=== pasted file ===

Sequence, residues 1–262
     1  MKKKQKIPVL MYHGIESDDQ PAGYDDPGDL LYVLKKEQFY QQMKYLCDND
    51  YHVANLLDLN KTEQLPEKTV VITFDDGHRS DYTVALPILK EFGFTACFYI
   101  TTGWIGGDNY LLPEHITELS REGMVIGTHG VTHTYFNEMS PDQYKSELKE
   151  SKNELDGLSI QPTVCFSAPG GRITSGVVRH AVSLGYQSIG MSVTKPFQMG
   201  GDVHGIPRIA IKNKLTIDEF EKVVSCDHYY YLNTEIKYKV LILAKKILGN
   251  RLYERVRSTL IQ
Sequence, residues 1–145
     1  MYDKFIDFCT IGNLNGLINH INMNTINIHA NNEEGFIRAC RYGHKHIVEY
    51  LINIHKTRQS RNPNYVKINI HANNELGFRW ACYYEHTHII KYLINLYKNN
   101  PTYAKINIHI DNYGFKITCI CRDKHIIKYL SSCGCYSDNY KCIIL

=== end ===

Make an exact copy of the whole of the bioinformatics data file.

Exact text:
Sequence, residues 1–262
     1  MKKKQKIPVL MYHGIESDDQ PAGYDDPGDL LYVLKKEQFY QQMKYLCDND
    51  YHVANLLDLN KTEQLPEKTV VITFDDGHRS DYTVALPILK EFGFTACFYI
   101  TTGWIGGDNY LLPEHITELS REGMVIGTHG VTHTYFNEMS PDQYKSELKE
   151  SKNELDGLSI QPTVCFSAPG GRITSGVVRH AVSLGYQSIG MSVTKPFQMG
   201  GDVHGIPRIA IKNKLTIDEF EKVVSCDHYY YLNTEIKYKV LILAKKILGN
   251  RLYERVRSTL IQ
Sequence, residues 1–145
     1  MYDKFIDFCT IGNLNGLINH INMNTINIHA NNEEGFIRAC RYGHKHIVEY
    51  LINIHKTRQS RNPNYVKINI HANNELGFRW ACYYEHTHII KYLINLYKNN
   101  PTYAKINIHI DNYGFKITCI CRDKHIIKYL SSCGCYSDNY KCIIL